With the 2017 BRIT Awards almost upon us, Music Week is taking an in-depth look at this year’s BRITs Album Of The Year nominees.
Up for the coveted award this year are David Bowie’s Blackstar, Kano’s Made In The Manor, Skepta’s Konnichiwa, Michael Kiwanuka’s Love & Hate and The 1975’s I Like It When You Sleep, For You Are So Beautiful Yet So Unaware Of It.
Here, Ken Marshall, senior marketing director, Sony Music UK talks us through the campaign behind Bowie’s Blackstar.
Peak chart position: No.1
Sales to date: 422,773
“To work on Blackstar was quite something really. Obviously, with the events that happened it was difficult but, as someone who works in marketing, it was a dream to work with. You had all these incredible visuals to work with.
“Bowie’s management and Jonathan Barnbrook, his creative director, approved everything. Bowie had visibility of what everyone was doing, he was very engaged and interested, not directly with us, but through his management and Jonathan.
“The time was right for this record. He’d come back with The Next Day, then had the very successful V&A exhibition. When you see all that stuff in one place you go, Oh my God, you really did do everything and influence across film and fashion and art and music. So people had really embraced him again, he was back in the public consciousness and showed he was as relevant as ever.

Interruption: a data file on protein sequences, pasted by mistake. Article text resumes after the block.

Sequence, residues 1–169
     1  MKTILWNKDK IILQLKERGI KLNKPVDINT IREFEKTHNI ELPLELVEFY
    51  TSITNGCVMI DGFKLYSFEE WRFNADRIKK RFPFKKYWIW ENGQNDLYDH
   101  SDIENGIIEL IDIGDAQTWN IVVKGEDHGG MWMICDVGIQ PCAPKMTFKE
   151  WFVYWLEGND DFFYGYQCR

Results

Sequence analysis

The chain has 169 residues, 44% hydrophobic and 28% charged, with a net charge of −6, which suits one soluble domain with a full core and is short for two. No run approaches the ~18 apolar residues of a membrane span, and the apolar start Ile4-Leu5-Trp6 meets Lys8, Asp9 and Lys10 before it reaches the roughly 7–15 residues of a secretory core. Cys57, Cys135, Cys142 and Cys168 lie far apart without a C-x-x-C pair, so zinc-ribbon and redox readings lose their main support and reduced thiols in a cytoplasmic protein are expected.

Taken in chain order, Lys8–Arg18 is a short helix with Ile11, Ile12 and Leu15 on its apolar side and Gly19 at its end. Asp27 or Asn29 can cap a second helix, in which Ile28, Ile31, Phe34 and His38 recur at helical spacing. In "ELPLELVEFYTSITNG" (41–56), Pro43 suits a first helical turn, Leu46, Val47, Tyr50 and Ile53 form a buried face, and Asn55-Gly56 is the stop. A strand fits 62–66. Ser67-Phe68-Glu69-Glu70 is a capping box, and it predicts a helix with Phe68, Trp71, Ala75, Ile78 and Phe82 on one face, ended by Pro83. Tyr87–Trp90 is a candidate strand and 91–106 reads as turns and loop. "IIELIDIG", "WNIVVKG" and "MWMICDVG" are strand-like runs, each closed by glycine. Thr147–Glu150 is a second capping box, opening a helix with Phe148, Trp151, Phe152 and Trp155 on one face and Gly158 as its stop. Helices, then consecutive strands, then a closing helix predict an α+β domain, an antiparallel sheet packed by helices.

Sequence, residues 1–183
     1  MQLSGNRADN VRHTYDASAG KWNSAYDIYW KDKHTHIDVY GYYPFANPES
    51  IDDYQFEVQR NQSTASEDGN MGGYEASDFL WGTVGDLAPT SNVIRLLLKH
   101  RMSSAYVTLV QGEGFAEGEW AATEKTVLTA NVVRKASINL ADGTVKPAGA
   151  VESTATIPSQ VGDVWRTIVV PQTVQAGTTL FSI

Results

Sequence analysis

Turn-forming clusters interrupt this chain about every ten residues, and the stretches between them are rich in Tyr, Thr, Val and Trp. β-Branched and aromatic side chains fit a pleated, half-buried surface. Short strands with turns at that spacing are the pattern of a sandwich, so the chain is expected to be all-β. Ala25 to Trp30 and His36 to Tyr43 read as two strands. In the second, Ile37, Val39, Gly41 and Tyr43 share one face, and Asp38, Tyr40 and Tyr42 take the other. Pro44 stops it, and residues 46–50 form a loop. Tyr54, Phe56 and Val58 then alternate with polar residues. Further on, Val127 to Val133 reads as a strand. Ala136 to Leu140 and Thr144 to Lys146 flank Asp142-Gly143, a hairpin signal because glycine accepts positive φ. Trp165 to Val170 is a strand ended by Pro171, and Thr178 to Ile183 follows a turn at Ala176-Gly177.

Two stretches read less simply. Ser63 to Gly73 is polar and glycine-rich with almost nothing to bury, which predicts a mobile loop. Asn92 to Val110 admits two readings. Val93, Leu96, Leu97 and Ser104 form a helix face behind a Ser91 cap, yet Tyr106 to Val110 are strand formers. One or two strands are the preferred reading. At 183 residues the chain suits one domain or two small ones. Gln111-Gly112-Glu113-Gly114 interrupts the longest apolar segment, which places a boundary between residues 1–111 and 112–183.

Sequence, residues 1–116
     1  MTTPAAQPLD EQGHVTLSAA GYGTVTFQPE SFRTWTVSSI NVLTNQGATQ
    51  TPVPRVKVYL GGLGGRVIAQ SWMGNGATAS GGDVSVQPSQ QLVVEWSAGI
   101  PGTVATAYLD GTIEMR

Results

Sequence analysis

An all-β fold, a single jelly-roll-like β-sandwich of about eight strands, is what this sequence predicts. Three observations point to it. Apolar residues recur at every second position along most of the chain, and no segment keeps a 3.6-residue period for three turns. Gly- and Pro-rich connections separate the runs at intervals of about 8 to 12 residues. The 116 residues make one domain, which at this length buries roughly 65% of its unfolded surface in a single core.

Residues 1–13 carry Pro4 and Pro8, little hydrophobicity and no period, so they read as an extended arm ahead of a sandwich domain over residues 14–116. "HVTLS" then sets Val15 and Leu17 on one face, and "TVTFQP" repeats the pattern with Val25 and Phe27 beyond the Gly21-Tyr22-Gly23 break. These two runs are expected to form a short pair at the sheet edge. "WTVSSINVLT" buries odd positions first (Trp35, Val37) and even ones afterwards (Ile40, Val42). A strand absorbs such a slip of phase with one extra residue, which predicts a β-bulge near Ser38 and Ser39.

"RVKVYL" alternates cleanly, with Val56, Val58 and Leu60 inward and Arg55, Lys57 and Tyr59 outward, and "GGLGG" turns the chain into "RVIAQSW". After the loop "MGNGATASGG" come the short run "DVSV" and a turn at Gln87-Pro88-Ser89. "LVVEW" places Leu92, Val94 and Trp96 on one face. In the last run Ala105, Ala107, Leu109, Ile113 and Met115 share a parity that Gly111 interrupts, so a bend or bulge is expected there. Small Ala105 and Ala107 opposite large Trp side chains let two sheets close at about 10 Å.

“And then it was just a great record. It was challenging initially – I remember the first time I heard it, there was a playback at Sony, and it took us all by surprise. But once people spent time with it... There was nothing lazy about it. It would have been very easy for him to make a ‘David Bowie’ record, but he was still pushing it all the way.
“His death, two days after the release, was nothing I’d ever experienced before and hopefully I won’t experience anything like it again. It was just a very sad day. The initial reaction was, What do we do, do we stop everything, do we pull all the marketing, what’s the right thing to do here? And, initially, we did put a stop on everything, but the word back was, You would have been marketing this record if this hadn’t happened. David was very aware of everyone’s plans, he would’ve wanted this record to be successful, so keep doing what you do.
“We’re at around 420,000 sales now, which is very respectable for anything. But it’s very nice that, over a year after release, it’s still getting attention with the BRITs nominations, and Jonathan won the Design Museum’s Beazley Design Of The Year award for the artwork. The Mercury Prize was quite a moment as was the Lazarus show opening here as well.
“The BRITs is a nice rounding-off for the campaign. It would be wonderful if it won, just to recognise what a great body of work it is. I wouldn’t say it would give closure on everything, but it is the end of the campaign when we get there. I don’t think it’s going to boost sales that much because the story of what’s happened with this record is way bigger than any prize or award. It’s just wonderful that, after all this time, it’s still getting recognised. Hopefully, it’s a sign of a future classic, that people will look back on this record and view it as one of his best.”